German police said on Monday that Dmitry Kovtun's family appeared to be contaminated with toxic polonium due to his visit to them.
Thomas Menzel, who leads a major police inquiry in Hamburg, told reporters that Kovtun's Russian-born ex-wife, their two children aged 3 and 1, and her new partner all showed signs of contamination.
Doctors were still trying to establish if the poison had entered their bodies, he said, adding the tests at a Hamburg hospital could take a few days.
German police said Saturday they had found "indications" of radiation in Hamburg in Kovtun's ex-wife's department. Kovtun is a business man who met former Russian spy Alexander Litvinenko in London on Nov. 1, the day the former Russian spy was believed to have fallen ill.
Previously police said the amounts of polonium-210 spread by Kovtun were so tiny that no one else could be contaminated.
Kovtun stayed for the night on a couch at his ex-wife's home before flying to London to meet Litvinenko, who was killed by the highly radioactive substance on Nov. 23.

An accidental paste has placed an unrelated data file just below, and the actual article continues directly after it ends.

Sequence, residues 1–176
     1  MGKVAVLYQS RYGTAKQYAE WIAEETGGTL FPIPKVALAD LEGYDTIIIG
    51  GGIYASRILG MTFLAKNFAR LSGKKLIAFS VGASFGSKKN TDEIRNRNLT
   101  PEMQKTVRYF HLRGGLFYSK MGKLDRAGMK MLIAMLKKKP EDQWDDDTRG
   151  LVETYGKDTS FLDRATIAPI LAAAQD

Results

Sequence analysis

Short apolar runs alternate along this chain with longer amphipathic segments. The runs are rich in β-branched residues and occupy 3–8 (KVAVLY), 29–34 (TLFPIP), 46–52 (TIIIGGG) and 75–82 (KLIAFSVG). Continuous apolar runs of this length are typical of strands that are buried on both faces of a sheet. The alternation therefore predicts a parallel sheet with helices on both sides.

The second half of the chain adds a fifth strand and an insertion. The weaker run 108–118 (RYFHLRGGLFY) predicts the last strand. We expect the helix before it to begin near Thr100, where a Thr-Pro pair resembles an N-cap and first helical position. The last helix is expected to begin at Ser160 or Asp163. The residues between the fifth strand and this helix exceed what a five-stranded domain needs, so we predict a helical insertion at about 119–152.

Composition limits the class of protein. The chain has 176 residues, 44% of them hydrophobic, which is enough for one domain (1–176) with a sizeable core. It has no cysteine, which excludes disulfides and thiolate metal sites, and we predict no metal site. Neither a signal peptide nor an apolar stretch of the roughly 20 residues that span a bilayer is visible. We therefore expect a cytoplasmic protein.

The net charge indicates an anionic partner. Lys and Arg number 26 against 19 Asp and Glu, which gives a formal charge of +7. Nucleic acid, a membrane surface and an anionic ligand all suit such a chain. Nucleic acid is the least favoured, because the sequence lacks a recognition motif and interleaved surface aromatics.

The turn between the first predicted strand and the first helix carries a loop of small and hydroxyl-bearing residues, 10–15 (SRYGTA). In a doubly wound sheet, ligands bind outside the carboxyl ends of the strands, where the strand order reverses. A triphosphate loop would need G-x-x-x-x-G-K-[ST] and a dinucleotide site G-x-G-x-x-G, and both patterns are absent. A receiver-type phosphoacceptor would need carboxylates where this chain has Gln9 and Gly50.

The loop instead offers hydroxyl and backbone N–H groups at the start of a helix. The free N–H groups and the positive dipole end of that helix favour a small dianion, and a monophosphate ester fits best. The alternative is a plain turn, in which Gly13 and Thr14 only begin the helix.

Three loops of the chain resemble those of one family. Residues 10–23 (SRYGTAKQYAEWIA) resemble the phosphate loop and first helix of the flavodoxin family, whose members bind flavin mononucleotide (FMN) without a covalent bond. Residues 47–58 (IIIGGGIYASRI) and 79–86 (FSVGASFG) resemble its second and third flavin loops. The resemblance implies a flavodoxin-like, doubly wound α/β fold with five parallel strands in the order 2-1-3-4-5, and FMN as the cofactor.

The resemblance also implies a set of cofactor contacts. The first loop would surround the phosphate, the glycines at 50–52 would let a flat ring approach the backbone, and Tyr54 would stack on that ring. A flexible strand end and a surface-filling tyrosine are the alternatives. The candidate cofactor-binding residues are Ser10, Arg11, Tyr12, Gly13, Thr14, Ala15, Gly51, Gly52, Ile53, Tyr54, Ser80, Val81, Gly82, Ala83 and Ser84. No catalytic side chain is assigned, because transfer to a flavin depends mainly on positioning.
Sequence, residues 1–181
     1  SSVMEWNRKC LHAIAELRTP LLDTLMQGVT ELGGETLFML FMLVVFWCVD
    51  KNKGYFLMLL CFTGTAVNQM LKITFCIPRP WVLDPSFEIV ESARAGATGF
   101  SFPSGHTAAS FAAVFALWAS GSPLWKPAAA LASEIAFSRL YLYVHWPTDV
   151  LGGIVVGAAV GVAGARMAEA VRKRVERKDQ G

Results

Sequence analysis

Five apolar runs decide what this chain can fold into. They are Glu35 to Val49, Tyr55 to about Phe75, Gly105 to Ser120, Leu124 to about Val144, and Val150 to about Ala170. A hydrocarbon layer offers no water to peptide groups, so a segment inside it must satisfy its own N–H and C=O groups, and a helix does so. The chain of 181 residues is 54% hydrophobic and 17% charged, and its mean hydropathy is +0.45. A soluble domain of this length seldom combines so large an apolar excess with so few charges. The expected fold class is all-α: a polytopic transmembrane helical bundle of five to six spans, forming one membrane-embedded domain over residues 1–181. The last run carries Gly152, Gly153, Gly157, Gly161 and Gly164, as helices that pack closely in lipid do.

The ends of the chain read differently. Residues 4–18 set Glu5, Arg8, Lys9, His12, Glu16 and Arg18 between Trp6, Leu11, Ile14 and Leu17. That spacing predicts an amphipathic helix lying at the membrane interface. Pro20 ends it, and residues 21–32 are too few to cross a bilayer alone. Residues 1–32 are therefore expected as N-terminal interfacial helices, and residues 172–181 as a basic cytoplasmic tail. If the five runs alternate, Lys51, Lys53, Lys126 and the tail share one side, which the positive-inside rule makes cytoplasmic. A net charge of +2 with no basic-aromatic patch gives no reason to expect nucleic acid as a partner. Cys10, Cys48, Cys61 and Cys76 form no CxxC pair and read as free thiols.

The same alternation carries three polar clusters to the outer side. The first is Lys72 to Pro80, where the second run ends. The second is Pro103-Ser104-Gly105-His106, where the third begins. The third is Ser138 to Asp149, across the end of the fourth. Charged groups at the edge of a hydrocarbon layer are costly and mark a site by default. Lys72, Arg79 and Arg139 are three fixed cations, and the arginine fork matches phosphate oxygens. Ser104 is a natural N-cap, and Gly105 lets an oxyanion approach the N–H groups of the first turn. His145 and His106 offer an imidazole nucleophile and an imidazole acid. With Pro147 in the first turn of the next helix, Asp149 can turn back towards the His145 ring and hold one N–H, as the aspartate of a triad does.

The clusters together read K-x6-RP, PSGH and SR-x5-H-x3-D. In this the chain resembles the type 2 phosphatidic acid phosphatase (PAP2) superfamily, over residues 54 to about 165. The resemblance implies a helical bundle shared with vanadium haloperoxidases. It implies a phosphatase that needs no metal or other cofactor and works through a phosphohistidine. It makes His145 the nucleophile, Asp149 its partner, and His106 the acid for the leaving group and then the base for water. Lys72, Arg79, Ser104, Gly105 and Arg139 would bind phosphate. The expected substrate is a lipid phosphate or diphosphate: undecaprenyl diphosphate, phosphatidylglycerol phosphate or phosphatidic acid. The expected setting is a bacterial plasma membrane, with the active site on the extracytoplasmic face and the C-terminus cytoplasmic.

Police said that they do not yet know if Kovtun was a poisoner or a victim of poisoning.
A team of 170 German police, helped by government radiation scientists, have been searching for smudges of polonium-210 left by Kovtun on car seats, beds, bathroom fittings and government documents during his stay in Hamburg from Oct. 28 to Nov. 1.
Germany is investigating whether Kovtun knowingly carried the toxic substance.
The German government said it had no separate information aside from the police inquiry.
A liaison officer from London police force, Scotland Yard, arrived Monday in Hamburg to assist the investigation.